Colt Series 80...Again


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1911Tuner
August 17, 2004, 11:02 AM
Well group...After the issue that I had with the XSE Commander, I got curious about the other Colt that I bought from the same financially strapped friend two days later...a blued NRM Government Model.

Since I had bought the gun strictly as a shooter, I immediately removed the
lawyer parts and shot the ears off of it. Happy to report that other than
the hook of the MIM extractor snapping off at about the 1k mark, the gun
never missed a beat. (It's the one that I peened and lowered the frame rails on a while back. See "A Disconnector Story". It was mainly for my own satisfaction, and the fit never affected the gun's function.)

So, bein' an early riser with nothin' to do except finish the coffee...I
went to the shop and dug out the little plastic bag with the original parts in it. I installed them and did the initial timing check. The plunger lever moved
up less than .030 inch after the slack was out, with a .070-inch rise at full trigger pull. I did the pencil test, and the pencil barely made it out of the muzzle...partly due to the standard-length/rate firing pin spring that I had installed, and...yep, you guessed it...mostly due to the plunger releasing the firing pin too late.

I had also changed the original short, plastic trigger for a long plastic trigger, but there wasn't enough difference between the two to make a difference after comparison. The long one was actually a bit longer in the bow, which would have improved the condition...but not enough to correct it.

Since the gun is a range beater, and will never wear the Series 80 parts,
it's not an issue. The gun functions perfectly as is...but this kinda backs up
my theory that the trend in recent production Series 80s may warrant having the system checked out before trusting it in a given pistol.

For those who note a problem there, it's an easy fix and not too expensive if the gun isn't under warranty any more...See your friendly neighborhood
pistolsmith for the cure. If the gun is under warranty, send it back to Colt.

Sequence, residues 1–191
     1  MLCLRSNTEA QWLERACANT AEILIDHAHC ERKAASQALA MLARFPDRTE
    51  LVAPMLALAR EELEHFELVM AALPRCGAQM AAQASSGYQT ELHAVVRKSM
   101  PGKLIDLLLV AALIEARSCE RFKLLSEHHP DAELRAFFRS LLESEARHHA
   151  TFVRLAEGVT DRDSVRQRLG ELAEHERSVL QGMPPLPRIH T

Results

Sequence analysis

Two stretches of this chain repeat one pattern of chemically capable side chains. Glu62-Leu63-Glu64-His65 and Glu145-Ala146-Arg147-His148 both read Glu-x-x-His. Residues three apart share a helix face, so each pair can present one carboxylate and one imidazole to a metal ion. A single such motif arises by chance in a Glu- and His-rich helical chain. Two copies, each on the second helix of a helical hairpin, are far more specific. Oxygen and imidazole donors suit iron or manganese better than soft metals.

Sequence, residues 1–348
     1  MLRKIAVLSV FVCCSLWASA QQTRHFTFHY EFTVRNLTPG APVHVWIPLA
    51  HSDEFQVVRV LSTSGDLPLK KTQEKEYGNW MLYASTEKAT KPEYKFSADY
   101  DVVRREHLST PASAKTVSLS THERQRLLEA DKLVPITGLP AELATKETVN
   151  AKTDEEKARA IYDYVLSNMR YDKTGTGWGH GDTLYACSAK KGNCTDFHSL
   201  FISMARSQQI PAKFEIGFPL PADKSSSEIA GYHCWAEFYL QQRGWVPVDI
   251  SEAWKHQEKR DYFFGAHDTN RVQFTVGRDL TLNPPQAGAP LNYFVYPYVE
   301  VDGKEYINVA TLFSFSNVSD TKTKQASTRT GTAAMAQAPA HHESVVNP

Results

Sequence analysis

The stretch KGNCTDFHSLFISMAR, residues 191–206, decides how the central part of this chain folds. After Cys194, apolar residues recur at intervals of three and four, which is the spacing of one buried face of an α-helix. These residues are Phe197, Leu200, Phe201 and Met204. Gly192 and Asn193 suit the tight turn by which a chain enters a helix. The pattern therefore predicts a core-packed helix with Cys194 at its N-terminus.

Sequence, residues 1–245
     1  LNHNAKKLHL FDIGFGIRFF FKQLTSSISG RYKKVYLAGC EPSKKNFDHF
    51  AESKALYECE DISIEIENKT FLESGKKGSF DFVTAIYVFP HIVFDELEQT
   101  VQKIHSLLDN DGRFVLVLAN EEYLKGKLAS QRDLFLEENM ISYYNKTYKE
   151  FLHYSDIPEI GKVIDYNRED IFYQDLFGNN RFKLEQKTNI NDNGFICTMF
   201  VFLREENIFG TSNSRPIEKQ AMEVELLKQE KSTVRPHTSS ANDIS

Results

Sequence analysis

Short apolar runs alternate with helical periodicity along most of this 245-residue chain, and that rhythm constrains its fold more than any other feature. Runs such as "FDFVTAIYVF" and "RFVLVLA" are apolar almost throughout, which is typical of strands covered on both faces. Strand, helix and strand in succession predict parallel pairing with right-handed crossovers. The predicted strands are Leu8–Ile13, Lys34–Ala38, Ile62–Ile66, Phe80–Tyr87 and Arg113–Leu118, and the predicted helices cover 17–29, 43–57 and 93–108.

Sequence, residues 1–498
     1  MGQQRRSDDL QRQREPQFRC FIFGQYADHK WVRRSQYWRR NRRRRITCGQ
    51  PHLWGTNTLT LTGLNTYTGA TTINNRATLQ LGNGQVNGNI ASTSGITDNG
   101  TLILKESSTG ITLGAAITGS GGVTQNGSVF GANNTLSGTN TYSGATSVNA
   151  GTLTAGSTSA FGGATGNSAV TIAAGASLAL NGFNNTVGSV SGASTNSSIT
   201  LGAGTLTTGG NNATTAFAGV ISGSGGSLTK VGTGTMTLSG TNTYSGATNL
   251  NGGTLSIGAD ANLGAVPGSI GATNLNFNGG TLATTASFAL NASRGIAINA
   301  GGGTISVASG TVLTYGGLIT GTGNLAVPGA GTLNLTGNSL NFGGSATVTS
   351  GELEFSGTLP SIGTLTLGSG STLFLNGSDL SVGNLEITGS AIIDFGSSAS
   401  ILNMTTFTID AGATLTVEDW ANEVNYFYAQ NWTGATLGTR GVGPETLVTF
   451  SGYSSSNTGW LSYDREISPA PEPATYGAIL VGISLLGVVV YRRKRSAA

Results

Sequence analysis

Luck!

Tuner

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joegerardi
August 17, 2004, 11:10 AM
Johnny:
How difficult is it to remove the "lawyer parts?" I just bought a used model 1991A1, and I would love to get rid of them. Is it something a novice could do, or is it better left to a 'smith?

And, yes, I will still carry it after the parts are removed and damn the lawyers. JMB's design survived 70-odd years without them in the first place.

..Joe

1911Tuner
August 17, 2004, 11:19 AM
Howdy Joe,

Easy to do if you can detail-strip the gun. You'll need a little part called a "Frame Blank" from Brownells...$4.25 plus shipping. Go with the small package rate of $3.25 via U.S mail. I'll look up the part number and post it
in a few. You'll probably have to do it yourself. Most smiths that I know will not knowingly deactivate a factory safety device.

Then remove the plunger and spring from the slide. Ba-Da-BING!
Just like JMB intended. Ignore the hole in the slide. It won't hurt a thing.

I'll post the part number as an edit to this reply...

EDIT: TJ's Custom Frame Slot Blank PN 876-011-780
Call toll-free 1-800-741-0015 and talk to the nice folks.

joegerardi
August 17, 2004, 11:43 AM
Johnny:
Thanks! I'm putting together a little order from Brownell's and just add this to that. I'm getting rid of the FLGR on my Loaded Operatior (remember that discussion?) and I figure I'll just replace all the slide stops and extractors in my 1911's: I don't know what they're made of, and I consider it cheap insurance.

I've as yet never detail-stripped a 1911, but I have your excellent instructions, and if I screw it up, well, I'm sure I won't be the first person to show up at your door on 9/22 with the "1911-In-A-Bag" kit! :)

..Joe

halvey
August 17, 2004, 11:44 AM
This may be a bit off topic, but I understand a good 'smith can do a good trigger job on a Series 70 or Series 80 if he knows what he's doing. I am told there is barely a difference if any. This would apply to 3.5 triggers and heavier.